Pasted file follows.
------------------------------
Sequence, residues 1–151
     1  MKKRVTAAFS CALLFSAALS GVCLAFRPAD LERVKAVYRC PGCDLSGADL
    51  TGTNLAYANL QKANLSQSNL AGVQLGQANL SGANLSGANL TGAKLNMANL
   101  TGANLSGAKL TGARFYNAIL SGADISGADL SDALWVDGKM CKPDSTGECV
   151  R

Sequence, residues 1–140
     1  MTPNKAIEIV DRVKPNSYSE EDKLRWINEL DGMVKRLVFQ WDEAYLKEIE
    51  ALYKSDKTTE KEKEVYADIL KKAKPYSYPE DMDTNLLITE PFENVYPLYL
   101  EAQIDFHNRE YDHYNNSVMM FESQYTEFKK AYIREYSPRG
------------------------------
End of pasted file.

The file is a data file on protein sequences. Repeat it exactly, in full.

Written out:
Sequence, residues 1–151
     1  MKKRVTAAFS CALLFSAALS GVCLAFRPAD LERVKAVYRC PGCDLSGADL
    51  TGTNLAYANL QKANLSQSNL AGVQLGQANL SGANLSGANL TGAKLNMANL
   101  TGANLSGAKL TGARFYNAIL SGADISGADL SDALWVDGKM CKPDSTGECV
   151  R

Sequence, residues 1–140
     1  MTPNKAIEIV DRVKPNSYSE EDKLRWINEL DGMVKRLVFQ WDEAYLKEIE
    51  ALYKSDKTTE KEKEVYADIL KKAKPYSYPE DMDTNLLITE PFENVYPLYL
   101  EAQIDFHNRE YDHYNNSVMM FESQYTEFKK AYIREYSPRG